There are many things about the shipping business that the normal land-dwelling person hasn’t the slightest clue about. It is often taken for granted that produce from South America, Oil from the Middle East, and consumer goods from China all arrive on our shores daily.
Behind the constant circumnavigation of supertankers and cargo ships are a handful of multi-billionaires that live in a constant bath of opulence, despite being as fierce as sharks at the negotiating table. Though the few shipowners enjoy massive paydays on occasion, their markets are just about the most volatile in the world. This rarely-exposed, jet-setting lifestyle is at the core of Matthew McCleery’s new novel Viking Raid.
Viking Raid takes place in present day, and the narrator follows Robert Fairchild, the protagonist of McCleery’s 2011 novel, Shipping Man. The first novel ended with Fairchild draining his hedge fund account in order to buy his first ship and ultimately call himself a “shipping man”.
Combining a ship finance textbook with a jet setting geopolitical romp, Viking Raid picks up where The Shipping Man left off – on a journey into the famously private world of international shipping tycoons and their financiers. At the conclusion of The Shipping Man, Robert Fairchild is sipping rosé on the Côte d’Azur with Coco Jacobsen and toasting to the success of their $300 million junk bond offering; six months later the CEO is in the 120-degree engine room of a supertanker discharging two million barrels of Saudi crude oil – afraid for his job and afraid for his life.
Fortunes change quickly in the volatile world of international oil shipping and Fairchild knows that unless he can find another $500 million soon his powerful Norwegian tanker tycoon boss will have little use for him. When Robert convinces Coco to attempt an Initial Public Offering of Viking Tankers on Wall Street, the desperate American thinks his problems may have been solved – but the former hedge fund manager couldn’t be more wrong. Instead, Fairchild finds himself stuck between an American shale gas wildcatter and The Peoples’ Republic of China in their competition for clean energy.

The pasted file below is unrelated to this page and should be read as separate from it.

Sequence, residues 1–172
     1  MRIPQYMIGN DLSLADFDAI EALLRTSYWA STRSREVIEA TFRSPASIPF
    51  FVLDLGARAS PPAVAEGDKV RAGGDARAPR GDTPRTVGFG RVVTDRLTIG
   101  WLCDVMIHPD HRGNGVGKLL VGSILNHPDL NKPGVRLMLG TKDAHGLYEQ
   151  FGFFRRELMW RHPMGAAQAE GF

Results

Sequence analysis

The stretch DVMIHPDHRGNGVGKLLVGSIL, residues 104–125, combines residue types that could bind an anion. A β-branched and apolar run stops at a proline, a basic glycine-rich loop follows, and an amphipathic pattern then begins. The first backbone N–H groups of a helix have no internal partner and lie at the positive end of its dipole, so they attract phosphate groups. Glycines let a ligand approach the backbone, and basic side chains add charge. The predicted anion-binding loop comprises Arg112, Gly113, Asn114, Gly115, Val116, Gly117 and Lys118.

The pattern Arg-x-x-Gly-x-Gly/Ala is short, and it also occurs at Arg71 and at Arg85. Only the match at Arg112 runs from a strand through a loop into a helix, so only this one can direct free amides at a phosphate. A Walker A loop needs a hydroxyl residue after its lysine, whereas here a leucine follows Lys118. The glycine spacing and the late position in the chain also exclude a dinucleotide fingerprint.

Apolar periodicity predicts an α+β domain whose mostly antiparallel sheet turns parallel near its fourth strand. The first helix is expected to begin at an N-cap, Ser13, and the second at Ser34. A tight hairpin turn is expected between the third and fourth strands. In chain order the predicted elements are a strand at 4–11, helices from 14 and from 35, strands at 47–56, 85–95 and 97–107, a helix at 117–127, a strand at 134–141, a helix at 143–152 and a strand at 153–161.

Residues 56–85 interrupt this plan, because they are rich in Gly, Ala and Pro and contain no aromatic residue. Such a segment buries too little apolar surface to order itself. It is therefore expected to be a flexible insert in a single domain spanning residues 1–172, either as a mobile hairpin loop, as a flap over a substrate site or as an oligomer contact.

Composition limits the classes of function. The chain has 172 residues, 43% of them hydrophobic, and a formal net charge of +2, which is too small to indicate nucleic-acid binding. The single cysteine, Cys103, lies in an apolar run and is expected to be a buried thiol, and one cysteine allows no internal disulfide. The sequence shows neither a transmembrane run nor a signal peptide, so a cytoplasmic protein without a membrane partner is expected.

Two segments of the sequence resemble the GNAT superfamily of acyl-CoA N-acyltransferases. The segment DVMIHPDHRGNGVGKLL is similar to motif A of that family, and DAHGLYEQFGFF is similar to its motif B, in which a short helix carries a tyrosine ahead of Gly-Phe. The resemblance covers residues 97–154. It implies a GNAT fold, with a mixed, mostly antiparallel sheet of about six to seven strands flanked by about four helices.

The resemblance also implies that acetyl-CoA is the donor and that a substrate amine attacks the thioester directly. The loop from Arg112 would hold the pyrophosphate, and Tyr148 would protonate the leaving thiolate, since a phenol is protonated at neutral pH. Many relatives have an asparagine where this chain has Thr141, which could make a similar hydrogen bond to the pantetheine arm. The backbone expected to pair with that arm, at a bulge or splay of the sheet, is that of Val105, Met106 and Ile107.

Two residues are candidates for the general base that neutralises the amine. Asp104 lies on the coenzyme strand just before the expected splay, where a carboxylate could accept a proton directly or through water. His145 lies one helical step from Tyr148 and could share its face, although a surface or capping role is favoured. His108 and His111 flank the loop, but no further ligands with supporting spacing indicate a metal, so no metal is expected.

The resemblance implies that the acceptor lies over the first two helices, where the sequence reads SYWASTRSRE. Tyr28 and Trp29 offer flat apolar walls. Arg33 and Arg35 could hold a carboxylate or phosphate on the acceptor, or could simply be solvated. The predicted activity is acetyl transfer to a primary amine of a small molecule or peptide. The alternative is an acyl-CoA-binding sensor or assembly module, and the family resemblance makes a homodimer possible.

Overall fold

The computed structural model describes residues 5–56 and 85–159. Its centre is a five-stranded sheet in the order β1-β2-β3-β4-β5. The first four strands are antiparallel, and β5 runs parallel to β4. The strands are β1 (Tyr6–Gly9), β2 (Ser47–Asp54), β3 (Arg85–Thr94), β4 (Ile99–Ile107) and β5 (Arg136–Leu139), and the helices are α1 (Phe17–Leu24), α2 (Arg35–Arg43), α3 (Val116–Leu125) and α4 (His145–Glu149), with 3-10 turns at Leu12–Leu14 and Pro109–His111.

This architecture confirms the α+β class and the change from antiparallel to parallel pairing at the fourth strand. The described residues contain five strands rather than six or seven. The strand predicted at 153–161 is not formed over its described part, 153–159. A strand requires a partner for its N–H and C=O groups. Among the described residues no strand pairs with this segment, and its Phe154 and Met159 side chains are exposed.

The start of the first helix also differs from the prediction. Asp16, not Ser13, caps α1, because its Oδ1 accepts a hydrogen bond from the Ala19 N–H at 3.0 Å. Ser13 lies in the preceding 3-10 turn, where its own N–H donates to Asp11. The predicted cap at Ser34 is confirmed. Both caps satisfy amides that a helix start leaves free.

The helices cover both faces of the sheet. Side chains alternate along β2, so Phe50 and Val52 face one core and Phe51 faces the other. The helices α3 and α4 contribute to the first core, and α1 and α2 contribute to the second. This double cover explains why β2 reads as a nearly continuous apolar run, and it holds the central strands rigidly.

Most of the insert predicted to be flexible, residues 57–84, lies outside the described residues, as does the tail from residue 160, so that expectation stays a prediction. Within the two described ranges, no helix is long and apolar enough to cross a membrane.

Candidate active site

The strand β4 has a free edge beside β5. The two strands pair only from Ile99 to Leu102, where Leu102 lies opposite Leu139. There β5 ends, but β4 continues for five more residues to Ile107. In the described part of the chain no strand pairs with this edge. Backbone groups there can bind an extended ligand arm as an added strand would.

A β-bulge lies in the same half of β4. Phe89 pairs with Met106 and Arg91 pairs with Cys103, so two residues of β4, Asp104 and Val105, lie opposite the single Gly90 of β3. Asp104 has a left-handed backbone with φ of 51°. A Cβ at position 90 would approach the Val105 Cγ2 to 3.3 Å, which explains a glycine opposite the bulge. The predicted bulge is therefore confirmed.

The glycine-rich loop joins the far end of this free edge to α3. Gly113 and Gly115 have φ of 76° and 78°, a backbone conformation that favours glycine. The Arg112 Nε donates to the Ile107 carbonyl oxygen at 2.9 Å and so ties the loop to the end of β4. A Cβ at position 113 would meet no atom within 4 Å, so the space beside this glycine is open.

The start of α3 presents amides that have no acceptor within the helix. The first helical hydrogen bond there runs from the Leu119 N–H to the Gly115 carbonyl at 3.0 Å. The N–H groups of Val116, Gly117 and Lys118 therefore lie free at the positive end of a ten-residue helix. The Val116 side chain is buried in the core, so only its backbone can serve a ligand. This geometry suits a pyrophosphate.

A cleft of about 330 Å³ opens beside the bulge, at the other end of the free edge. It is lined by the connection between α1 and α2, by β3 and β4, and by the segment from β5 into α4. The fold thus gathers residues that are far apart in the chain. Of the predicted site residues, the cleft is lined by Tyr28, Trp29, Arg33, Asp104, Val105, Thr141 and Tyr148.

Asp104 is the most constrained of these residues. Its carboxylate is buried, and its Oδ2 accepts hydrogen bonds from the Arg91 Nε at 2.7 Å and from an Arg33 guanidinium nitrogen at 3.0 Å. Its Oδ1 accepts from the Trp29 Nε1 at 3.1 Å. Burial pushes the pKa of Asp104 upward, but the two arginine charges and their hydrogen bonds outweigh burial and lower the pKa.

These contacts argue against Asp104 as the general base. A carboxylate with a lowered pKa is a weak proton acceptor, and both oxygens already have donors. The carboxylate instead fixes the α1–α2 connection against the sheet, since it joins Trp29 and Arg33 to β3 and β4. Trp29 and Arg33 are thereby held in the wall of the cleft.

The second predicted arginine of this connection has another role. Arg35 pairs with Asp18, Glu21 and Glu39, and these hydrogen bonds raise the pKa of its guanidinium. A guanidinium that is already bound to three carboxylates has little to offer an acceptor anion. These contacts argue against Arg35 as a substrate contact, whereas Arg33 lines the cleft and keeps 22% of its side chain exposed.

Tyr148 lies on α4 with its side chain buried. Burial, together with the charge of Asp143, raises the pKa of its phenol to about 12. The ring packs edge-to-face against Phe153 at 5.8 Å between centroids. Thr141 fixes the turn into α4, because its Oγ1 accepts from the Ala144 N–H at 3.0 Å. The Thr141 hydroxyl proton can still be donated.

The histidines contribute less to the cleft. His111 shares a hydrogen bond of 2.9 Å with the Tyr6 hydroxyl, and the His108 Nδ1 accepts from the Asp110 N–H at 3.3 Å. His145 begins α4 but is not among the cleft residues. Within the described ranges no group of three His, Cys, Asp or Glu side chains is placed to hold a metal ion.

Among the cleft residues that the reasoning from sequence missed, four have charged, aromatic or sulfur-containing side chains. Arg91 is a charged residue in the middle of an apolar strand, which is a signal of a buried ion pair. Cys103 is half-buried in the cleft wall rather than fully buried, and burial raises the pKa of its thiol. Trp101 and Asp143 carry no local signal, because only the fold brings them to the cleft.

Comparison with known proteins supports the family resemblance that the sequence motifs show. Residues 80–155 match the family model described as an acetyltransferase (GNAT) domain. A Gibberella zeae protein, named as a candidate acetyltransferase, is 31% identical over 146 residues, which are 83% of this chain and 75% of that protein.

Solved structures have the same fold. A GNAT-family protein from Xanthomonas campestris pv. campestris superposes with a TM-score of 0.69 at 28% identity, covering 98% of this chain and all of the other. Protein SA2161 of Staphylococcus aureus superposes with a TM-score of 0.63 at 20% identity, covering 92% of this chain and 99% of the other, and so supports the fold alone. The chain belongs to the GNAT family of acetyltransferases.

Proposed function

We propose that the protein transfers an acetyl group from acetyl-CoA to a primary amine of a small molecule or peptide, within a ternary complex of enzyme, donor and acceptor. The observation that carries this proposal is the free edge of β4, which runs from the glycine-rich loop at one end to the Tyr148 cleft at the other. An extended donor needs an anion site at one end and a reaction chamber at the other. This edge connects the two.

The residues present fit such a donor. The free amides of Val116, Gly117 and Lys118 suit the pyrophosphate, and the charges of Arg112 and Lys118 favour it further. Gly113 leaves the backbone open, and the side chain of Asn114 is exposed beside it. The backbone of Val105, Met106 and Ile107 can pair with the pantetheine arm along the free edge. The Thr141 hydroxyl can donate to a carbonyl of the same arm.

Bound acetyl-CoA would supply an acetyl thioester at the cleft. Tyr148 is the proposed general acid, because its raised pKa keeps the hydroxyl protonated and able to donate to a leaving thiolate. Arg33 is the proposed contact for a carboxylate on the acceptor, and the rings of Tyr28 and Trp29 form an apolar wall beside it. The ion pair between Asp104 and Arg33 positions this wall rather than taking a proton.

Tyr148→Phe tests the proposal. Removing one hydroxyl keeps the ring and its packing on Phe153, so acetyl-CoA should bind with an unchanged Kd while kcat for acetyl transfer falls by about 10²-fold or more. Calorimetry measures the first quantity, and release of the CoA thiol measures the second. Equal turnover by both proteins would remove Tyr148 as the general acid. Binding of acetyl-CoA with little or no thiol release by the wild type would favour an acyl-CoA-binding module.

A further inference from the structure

Combining swashbuckling shipping adventure with corporate finance derring-do, Viking Raid puts Fairchild back at the table in the highest stakes casino in the world – with more than just his deal at risk.
After making a bone-headed shipping call with his powerful boss’ money, his boss puts Fairchild’s son’s trust fund on the chopping block. Fairchild must go through a gauntlet of shipping giants to fix his mistake and ensure the financial safety of his family.
All the while, McCleery, President of Maritime Money International, educates the reader in the complex financial nuances in the shipping business, which are mostly discussed at port-side lunch tables. From Greece, to Denmark, to London, to Korea and all the way to the Channel Islands in France, Fairchild goes to the end of both the earth and his wits in pursuit of restoring his mistake.
I personally had a hard time putting Viking Raid down once I started reading it. My time spent reading it was equal parts learning and entertainment. The novel has so many lavish and realistic descriptions of different shipping hubs it was easy to imagine being right next to Fairchild in his journey around the world. McCleery also does an outstanding job in weaving modern context into the story, and he is dead-on in his references to today’s celebrities and current events. Because Fairchild is truly a greenhorn to the ship owning business, the reader gains an easy-to-understand, yet in-depth view at how the ships are chartered and financed. I truly did not know how Fairchild would fare until the very last few pages of the novel.
The novel is filled with eye-opening statistics about commonly unknown practices within the shipping business. In addition, there are diagrams that drastically aid in explaining the economics of the multi-billion dollar per year business. For example, ships kept in what’s called the “spot” market are basically like the taxi-cabs of the ocean. They are for-hire and are paid a vastly different rate depending on the condition of the market. From the novel, “After operating expenses, a Panamax bulk carrier trading spot would have earned $ 1 million in 1986, $ 3.5 million in 1989 , $ 1.5 million in 1992, $ 2.5 million in 1995, and $ 16.5 million in 2007! A new Panamax would have cost $ 13.5 million in 1986, $ 30 million in 1990, $ 19 million in 1999 and $ 48 million in 2007.”
As one Amazon commenter said about the book, it may not be wise for some middle-aged men to read the book, as it may entice them to try and enter the extremely volatile shipping business. Despite this recommendation, I would absolutely give this book to any one of my friends, young or old. McCleery’s writing style makes it easy to run through the text nearly as fast as the protagonist travels the world, and I knew I wanted to keep flipping pages until I got to the last word.
Viking Raid is perfect for everyone from the shipping tycoon to someone who just wants to a good weekend read. This riveting international maritime story has incredibly insightful information about shipping finance along the way, and I am eagerly waiting the possible next installment of the Robert Fairchild series.
The novel is available on Amazon starting at around $10.